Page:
Environmentalists point to various dangerous consequences of using fracking technology, but none can be compared to the issue of radiation exposure and radioactive contamination of the development areas it poses.
Deep down in the earth, there is a lot of radioactivity, which is safe enough, so long as it is not brought up to the surface. The technical term is NORM (Naturally Occurring Radioactive Material). When it is brought to the surface it becomes Technologically Enhanced, or TENORM, and it is a serious health problem near oil wells and gas production sites. It is in the production water, in the oil, in the gas, around the production sites, the groundwater, in the pipes and tanks – and in your kitchen.
The shale strata are between 1,000 and 8,000 feet deep. Owing the weight of rock above, the pressure on the rocks in the gas bearing strata at these depths is enormous. The drill has to pass a tube (the “gun”) along the stratum for as long a length as possible and then this has to become perforated along its length with holes that allow the gas or oil to get into the tube and up to the surface.
Historically difficult. But technology has come to the rescue in the manifestation of specially designed explosives called “shaped charges.” These are cone-shaped dense metal explosive devices that send the explosive energy in an enormously powerful directed jet of metal atoms that act as a drill and melt the rock or shale along the length of the jet. This creates a radially distributed set of channels along and around the length of the drill tube, in the shape of a bottle-cleaning brush. Once this is done, water containing a whole range of acids and chemical additives is injected under immense pressure and this is followed up by small balls and sand or grit, termed “proppant” like the pit props in a mine, to hold the channels formed open. The extreme pressure pushes the weight of the upper layers of rock upwards and releases the tension in the strata where the gas is trapped. It has been noticed that the effect of all this on geophysical stability of the local deep earth results in small earth tremors and shocks, noticed by people living nearby. But the real cause of these tremors may be more sinister.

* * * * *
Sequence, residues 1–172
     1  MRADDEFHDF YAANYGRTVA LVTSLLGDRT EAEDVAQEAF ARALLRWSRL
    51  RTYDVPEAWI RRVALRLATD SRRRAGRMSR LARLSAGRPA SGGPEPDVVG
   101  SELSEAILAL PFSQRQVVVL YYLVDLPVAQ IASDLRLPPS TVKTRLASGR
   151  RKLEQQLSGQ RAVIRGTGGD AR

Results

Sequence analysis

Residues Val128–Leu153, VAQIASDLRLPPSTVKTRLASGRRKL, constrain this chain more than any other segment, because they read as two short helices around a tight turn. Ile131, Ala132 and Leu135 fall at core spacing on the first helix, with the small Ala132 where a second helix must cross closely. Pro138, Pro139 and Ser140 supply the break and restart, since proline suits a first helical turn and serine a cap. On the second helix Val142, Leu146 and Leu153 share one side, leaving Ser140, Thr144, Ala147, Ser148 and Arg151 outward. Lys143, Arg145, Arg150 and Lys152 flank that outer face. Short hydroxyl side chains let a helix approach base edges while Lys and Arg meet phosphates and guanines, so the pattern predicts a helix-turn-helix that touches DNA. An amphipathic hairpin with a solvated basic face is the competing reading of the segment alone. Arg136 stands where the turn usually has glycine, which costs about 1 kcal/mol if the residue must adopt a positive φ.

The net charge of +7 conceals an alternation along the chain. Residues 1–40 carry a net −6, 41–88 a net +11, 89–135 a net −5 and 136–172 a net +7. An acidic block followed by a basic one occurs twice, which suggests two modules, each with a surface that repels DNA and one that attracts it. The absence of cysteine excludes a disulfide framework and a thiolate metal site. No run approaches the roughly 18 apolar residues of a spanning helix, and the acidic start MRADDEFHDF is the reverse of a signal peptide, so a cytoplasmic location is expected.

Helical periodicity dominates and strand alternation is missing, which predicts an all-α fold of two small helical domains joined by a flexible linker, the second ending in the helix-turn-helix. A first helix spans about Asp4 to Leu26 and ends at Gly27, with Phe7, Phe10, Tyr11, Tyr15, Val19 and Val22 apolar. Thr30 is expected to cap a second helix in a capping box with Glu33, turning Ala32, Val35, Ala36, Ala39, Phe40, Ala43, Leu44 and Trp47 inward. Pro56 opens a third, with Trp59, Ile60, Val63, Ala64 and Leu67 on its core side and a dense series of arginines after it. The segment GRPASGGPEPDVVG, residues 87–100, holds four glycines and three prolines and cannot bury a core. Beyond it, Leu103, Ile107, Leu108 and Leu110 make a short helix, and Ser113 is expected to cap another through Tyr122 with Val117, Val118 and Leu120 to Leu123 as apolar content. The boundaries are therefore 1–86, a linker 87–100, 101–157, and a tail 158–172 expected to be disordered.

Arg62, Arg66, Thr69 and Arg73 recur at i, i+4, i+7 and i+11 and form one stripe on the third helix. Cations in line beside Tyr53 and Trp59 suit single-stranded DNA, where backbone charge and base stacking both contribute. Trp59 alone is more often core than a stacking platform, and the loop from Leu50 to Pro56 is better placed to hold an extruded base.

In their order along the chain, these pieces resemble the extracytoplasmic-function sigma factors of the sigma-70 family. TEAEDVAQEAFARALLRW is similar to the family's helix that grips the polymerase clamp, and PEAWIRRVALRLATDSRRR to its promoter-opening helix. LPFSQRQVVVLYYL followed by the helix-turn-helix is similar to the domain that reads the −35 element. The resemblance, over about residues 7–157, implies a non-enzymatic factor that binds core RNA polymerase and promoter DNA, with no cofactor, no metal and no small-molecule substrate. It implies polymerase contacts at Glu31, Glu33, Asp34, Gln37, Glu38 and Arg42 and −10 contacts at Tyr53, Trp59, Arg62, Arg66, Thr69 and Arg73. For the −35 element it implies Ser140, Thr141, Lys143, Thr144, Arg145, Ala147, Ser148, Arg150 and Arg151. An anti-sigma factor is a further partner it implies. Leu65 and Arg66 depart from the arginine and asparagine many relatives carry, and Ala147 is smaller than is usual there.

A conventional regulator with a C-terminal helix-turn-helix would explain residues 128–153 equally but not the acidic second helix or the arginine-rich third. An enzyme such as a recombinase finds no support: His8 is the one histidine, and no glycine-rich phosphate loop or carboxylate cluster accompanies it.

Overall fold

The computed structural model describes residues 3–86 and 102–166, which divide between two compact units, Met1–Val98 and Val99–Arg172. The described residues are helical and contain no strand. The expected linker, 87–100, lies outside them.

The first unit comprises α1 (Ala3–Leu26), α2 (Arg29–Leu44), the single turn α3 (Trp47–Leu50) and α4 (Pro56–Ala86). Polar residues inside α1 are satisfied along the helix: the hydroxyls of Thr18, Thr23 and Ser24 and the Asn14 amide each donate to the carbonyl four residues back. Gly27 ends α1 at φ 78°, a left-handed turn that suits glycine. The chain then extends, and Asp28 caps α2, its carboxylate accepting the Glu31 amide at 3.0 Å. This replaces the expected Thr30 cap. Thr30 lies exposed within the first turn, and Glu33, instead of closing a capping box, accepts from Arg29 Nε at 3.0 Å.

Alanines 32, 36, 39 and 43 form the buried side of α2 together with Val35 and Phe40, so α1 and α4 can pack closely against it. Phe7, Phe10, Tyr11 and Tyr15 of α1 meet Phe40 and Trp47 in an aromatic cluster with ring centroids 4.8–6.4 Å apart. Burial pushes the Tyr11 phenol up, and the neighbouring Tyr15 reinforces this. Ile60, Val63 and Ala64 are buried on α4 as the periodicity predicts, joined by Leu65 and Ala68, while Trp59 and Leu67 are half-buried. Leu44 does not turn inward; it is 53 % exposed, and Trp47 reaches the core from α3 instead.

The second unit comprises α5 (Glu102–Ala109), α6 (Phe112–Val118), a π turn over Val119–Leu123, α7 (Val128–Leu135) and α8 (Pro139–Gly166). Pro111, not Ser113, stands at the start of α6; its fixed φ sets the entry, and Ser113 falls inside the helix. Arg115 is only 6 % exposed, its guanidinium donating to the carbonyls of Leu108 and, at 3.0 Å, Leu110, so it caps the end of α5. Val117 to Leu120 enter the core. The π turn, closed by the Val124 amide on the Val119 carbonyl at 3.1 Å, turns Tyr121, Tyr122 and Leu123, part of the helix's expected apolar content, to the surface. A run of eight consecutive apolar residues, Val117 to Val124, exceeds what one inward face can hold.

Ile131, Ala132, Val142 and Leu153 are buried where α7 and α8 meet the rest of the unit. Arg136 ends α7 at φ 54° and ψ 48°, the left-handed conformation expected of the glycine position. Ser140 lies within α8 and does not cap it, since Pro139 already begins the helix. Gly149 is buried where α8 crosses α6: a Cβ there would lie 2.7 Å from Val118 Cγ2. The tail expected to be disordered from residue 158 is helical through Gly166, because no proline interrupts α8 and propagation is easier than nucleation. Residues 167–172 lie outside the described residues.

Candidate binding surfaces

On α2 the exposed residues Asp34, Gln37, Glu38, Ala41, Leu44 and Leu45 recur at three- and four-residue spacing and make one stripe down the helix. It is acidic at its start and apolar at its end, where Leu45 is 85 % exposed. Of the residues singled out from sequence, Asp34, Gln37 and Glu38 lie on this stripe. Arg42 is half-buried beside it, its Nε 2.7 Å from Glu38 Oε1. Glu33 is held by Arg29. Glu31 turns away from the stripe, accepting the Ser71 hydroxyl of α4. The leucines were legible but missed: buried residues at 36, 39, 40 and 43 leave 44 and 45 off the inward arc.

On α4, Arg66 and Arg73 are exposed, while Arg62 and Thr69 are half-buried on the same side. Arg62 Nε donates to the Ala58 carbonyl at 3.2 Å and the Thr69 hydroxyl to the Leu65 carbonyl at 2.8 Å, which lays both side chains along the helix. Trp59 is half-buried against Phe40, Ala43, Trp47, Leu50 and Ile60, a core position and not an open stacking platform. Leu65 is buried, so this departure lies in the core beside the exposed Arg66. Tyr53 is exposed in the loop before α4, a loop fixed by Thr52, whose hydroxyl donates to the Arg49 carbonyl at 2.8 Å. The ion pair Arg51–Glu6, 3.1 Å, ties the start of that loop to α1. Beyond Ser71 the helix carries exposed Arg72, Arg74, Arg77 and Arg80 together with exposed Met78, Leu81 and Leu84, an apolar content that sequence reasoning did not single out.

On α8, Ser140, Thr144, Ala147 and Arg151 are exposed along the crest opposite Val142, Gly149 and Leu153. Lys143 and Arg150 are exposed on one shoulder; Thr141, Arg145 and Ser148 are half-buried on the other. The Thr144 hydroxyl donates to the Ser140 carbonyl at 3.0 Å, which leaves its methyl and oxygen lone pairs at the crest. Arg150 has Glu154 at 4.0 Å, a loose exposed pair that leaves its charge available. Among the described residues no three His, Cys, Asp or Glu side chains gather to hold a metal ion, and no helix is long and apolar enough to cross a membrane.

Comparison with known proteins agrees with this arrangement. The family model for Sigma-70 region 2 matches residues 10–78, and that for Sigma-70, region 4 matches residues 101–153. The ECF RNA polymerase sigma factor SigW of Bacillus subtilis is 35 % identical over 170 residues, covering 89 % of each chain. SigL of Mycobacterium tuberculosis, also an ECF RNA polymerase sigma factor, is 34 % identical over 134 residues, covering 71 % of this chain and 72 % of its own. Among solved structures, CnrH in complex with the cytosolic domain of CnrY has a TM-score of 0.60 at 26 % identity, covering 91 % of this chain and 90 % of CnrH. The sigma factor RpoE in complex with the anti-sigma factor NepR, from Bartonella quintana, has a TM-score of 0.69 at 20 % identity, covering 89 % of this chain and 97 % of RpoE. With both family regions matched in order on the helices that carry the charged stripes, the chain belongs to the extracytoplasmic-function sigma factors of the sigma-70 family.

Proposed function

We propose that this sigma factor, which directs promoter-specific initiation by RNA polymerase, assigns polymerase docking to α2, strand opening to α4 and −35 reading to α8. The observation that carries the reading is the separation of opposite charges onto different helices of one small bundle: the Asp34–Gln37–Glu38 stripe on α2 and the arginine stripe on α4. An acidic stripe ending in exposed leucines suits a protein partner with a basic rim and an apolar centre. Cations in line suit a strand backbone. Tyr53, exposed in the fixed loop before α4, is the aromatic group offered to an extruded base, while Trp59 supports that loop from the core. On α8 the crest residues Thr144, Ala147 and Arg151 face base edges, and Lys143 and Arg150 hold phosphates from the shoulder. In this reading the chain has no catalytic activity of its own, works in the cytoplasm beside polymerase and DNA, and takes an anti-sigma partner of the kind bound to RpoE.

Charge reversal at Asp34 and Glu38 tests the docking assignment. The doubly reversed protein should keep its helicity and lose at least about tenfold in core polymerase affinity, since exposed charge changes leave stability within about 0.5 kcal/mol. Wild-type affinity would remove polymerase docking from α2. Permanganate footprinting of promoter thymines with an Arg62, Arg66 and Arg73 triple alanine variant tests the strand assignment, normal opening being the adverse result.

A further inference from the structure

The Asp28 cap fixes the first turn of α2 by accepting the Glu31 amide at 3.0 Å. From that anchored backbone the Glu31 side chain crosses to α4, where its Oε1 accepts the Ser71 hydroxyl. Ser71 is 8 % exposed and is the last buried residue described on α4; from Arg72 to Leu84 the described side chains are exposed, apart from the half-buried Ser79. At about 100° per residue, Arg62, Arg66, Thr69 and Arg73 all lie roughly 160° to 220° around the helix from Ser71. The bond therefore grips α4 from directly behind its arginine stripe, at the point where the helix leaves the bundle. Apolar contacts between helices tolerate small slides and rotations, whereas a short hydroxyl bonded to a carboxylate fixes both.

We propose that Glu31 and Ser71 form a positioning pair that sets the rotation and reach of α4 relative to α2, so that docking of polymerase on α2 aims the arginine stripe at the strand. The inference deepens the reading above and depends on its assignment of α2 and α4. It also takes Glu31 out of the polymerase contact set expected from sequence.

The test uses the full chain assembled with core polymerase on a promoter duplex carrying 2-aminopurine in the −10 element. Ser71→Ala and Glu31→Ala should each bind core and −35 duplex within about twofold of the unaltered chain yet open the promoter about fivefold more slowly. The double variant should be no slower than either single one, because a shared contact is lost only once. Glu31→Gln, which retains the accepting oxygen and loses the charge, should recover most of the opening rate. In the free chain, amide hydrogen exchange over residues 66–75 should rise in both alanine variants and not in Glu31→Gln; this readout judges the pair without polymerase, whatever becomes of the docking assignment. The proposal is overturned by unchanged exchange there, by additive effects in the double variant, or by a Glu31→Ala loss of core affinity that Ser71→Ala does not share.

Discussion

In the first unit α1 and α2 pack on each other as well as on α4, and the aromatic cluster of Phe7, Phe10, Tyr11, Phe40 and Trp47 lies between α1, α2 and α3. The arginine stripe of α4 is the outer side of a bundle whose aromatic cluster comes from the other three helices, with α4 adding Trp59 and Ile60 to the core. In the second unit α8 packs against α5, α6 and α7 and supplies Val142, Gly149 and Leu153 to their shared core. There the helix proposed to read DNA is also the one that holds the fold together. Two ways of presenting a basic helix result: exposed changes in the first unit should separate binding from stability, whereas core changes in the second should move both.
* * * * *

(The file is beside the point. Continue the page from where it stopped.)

The metal which was formerly employed for the shaped charge head or “gun” was copper. This creates a pressure of 300,000 atmospheres which pushes the rock aside by plastic deformation. But in 1984 a US patent (US 4441428) was filed by one Thomas Wilson, entitled “Conical Shaped Charge Liner of Depleted Uranium.” The patent begins: “this invention relates to a novel blasting device especially adapted for drilling oil and gas wells.” Wilson records that DU is 5-times as efficient as copper in terms of the length of the jetted hole, creating a pressure of 600,000 atmospheres. Because of the uranium’s greater chemical reactivity it actually creates new chemical compounds with the material in the rock (and the oil and gas).
Radon has a half-life of about four days, and so if the gas takes a short time to get from the well production site to the consumer, then levels in the kitchen can be significant. He calculated that there would be between 1,000 and 30,000 extra lung cancers in New York State from such an exposure. And that no one in environmental protection agencies had paid any attention to this issue.
This is certainly of concern, but there are other issues. The process water (and chemicals) certainly contaminates the areas around the gas production machinery. In a recent court case I was involved with in Louisiana there was a gas distribution plant that was scarily radioactive, and the land around it was also radioactive. I also studied oil well production areas in a Kentucky court case. The process water dissolves Radium-226 and this precipitates as scale on the pipes and tanks and is left on the ground near the wellheads and distribution facilities. The transfer pipes are radioactive. One of the worst radionuclides left behind is the Radon daughter Lead-210 which has a longish half-life (22 years) and builds up in these situations as a fine dust. It gets into the gas stream as nanoparticles and I believe it remains in the gas stream. It decays to Bismuth-210 which immediately decays to the alpha emitter Polonium-210 with a half-life of 138 days.
Fracking will increase the amount of Radon in the extracted gas. Why? Because of the high surface area created by smashing up the rock. In the simple gas or oil well there is a big cavern. The radon seeps out of the wall which has a surface area equal to that of the cavern wall. But in the case of the fracked strata, the surface area out of which the Radon can seep is enormously enhanced. So a faster Radon transfer can occur.